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Brazil is stamping out favela violence – now on to trash collection and education

Brazil's first impact study on its Police Pacification Units reveals that the program has significantly reduced violence, but still needs extensive reform.

By Julia MichaelsGuest blogger / August 1, 2012

Military police patrol the Complexo do Alemao slum in Rio de Janeiro, Brazil, Tuesday, July 24, 2012. Public safety authorities say a police officer was shot and killed in this hillside favela slum that's a key symbol of the Olympic city's highly publicized slum pacification program.

Felipe Dana/AP

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• A version of this post ran on the author's blog, Riorealblog.com. The views expressed are the author's own.

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Ever since pacification began in Rio de Janeiro, in November 2008, we’ve been hearing (and saying) that social needs must also be met. As the number of UPPs, or police pacification units, grow (now at 26, employing 5,000 men and women, with a goal of 40 by 2014), State Public Safety Secretary José Mariano Beltrame – and many others – repeat the mantra about the other side of the coin.

The Social UPP got off to a shaky start, with Governor Sérgio Cabral’s political needs shoving it out of the state nest in December 2010, into the municipal one, under the aegis of the Pereira Passos Institute. From day one however, it’s been run by Ricardo Henriques (who next week hands his post over to former municipal finance secretary Eduarda La Rocque, who is to keep on current director Tiago Borba) and a growing team, in partnership with the United Nations Habitat program.

Centuries of neglect and the mantra repetition have led to the general perception in Rio that police pacification is dangerously outpacing the city’s ability to meet social needs.

But the first wide-ranging examination of the impact of police pacification reveals that though it has significantly reduced violence in and around UPP communities, the project that lies at the core of Rio’s remarkable turnaround needs extensive reform itself.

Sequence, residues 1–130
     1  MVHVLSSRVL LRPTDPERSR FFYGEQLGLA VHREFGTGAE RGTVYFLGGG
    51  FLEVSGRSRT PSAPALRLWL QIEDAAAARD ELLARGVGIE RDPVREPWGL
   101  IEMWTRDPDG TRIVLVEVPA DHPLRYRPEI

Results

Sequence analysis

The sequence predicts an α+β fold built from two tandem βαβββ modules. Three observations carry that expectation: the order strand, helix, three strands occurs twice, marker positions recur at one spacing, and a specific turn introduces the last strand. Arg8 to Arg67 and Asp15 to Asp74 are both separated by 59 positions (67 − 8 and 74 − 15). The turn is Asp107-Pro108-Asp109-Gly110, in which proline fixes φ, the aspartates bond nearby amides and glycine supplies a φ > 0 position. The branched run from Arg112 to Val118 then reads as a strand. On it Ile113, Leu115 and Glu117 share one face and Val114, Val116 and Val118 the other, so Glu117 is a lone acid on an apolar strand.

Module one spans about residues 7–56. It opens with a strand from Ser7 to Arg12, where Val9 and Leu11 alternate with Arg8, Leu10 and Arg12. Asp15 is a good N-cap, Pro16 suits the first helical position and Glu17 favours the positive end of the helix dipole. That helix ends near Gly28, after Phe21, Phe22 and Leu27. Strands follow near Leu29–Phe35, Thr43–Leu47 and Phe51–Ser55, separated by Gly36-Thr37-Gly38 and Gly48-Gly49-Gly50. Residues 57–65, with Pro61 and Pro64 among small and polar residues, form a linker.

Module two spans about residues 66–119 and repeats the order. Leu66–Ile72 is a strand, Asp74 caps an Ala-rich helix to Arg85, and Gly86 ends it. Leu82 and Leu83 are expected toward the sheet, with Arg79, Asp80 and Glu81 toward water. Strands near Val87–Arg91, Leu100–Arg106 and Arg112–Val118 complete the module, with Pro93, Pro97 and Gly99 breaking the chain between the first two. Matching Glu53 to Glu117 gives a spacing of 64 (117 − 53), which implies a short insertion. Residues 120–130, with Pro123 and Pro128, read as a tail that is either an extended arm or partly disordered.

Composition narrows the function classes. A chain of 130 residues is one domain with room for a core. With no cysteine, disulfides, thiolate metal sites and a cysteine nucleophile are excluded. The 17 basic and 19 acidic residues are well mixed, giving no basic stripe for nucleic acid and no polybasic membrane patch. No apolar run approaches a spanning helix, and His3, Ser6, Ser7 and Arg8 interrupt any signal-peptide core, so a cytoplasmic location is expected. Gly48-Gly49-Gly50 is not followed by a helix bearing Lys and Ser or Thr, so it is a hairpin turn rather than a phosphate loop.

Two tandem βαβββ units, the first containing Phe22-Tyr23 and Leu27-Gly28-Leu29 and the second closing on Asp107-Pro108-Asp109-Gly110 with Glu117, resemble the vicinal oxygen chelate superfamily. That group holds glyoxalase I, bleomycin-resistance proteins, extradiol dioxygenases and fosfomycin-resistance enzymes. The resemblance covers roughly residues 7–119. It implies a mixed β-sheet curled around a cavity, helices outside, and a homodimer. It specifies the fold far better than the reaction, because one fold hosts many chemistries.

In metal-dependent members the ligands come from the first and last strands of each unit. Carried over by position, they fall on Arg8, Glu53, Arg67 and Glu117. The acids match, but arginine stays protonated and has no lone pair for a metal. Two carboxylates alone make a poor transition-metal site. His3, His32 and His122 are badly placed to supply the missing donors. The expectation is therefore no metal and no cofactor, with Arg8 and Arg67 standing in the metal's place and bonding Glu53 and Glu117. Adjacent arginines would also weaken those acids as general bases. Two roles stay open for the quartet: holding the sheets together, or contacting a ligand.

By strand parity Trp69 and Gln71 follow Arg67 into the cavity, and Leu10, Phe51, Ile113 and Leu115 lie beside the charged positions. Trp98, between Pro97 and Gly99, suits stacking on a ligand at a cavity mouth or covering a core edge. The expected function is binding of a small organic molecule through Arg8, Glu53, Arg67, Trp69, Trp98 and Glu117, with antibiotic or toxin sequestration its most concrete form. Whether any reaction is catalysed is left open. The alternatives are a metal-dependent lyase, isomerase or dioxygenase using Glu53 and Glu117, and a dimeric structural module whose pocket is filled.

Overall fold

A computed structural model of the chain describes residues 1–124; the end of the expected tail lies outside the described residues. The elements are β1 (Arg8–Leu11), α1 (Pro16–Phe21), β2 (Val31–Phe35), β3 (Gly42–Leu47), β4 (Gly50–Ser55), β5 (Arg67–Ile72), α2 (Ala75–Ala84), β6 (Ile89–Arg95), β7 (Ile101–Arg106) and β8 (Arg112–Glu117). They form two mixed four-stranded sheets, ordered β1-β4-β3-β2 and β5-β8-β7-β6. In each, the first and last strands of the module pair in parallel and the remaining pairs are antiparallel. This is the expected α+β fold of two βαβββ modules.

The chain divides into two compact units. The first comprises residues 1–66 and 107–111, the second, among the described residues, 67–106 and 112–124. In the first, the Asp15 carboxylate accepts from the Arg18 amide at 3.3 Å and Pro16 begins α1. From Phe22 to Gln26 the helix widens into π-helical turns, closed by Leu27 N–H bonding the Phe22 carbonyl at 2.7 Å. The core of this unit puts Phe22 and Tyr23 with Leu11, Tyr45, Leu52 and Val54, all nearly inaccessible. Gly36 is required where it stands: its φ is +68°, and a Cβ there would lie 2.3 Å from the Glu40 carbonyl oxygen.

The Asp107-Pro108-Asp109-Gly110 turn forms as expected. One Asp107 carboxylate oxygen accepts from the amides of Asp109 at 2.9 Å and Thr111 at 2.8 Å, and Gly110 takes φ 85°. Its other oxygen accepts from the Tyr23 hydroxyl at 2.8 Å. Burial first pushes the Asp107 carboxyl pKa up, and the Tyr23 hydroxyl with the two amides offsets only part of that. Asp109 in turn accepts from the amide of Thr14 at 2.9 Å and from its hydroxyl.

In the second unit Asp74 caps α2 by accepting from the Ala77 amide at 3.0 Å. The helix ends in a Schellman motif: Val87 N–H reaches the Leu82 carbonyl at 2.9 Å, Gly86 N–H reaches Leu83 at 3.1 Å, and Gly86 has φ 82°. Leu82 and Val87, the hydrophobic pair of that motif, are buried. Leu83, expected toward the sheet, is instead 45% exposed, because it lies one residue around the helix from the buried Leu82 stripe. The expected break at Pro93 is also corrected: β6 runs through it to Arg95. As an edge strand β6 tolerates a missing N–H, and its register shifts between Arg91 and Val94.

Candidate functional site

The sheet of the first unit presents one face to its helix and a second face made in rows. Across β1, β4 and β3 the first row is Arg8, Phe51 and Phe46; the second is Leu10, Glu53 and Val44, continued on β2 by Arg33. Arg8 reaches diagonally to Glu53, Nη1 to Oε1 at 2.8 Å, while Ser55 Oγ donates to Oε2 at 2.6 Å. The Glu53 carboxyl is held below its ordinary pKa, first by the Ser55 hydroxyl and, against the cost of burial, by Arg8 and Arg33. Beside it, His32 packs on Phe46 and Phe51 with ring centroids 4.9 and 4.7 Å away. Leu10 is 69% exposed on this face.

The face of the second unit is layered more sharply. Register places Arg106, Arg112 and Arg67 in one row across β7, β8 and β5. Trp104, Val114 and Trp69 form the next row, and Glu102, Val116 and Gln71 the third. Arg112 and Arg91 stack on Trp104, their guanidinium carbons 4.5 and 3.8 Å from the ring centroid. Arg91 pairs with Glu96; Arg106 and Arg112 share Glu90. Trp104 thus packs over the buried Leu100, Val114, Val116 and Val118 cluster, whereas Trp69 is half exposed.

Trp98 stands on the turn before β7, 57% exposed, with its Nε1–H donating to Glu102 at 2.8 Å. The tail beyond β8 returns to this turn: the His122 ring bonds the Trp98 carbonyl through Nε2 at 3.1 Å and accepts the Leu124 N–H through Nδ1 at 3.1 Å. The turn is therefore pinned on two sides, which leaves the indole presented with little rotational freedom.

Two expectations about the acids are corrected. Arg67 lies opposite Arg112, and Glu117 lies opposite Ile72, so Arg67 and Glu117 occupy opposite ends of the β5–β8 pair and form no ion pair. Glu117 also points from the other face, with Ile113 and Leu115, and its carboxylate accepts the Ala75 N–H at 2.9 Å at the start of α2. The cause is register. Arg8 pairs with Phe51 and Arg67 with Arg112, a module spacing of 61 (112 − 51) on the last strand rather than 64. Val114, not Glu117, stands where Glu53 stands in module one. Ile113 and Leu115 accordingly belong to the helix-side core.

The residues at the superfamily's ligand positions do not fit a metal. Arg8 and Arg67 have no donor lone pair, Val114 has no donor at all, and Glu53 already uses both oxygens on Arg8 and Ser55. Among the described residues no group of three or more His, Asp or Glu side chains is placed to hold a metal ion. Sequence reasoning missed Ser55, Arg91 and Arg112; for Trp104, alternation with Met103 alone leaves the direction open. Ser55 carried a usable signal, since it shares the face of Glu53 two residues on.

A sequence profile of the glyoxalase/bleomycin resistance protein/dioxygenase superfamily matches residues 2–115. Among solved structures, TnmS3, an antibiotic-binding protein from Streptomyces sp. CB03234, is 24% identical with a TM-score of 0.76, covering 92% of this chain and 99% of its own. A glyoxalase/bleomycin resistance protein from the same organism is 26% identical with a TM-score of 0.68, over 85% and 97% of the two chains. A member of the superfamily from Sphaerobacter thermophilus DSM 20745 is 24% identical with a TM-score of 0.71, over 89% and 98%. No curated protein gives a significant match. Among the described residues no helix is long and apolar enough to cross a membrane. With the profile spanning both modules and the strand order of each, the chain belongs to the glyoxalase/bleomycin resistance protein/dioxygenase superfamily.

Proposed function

Fortunately, the police are listening. Study coordinator Ignacio Cano, with a long history of research in the area of public security and human rights, is now in dialogue with the men and women in uniform. Hopefully, they’re poring over his  ‘Os donos do morrro’: uma avaliação exploratória do impacto das unidades de polícia pacificadora (UPPs) no Rio de Janeiro ['The owners of the hill': an exploratory impact evaluation of the police pacification units].

“Just a decade ago, whether in training or research, the police in general wanted little to do with the academic community and flatly rejected or refused to cooperate with researchers,” observes Liz Leeds, founder of the Brazilian Forum on Public Safety and creator of the Democratic Policing Initiative when she was a Ford Foundation program officer in Rio, in the early 2000s.  ”Today that cooperation is not only possible but frequently sought after by the police,” continues Ms. Leeds.  ”Of course,  the police are not always happy with the results of independent research when the conclusions are negative.  It is a process that involves the gradual break-down of long-held mutual mistrust and prejudice between the two communities”.

Optimism

Mr. Cano’s study, funded by the Caracas-based Development Bank of Latin America by way of the Brazilian Forum on Public Safety, took great methodological pains in comparing crime statistics. Which makes it particularly heartening to find that statistics for UPP communities, for police stations serving them, and for their geographical surroundings, all show that UPPs significantly reduce lethal violence. Interestingly, they also increase non-lethal crime: robberies and such may be on the rise now (and/or being reported more) because the iron-fisted rule of drug traffickers is ending.

In UPP favelas alone, pacification saves an estimated 60 lives a year per 100,000 inhabitants.

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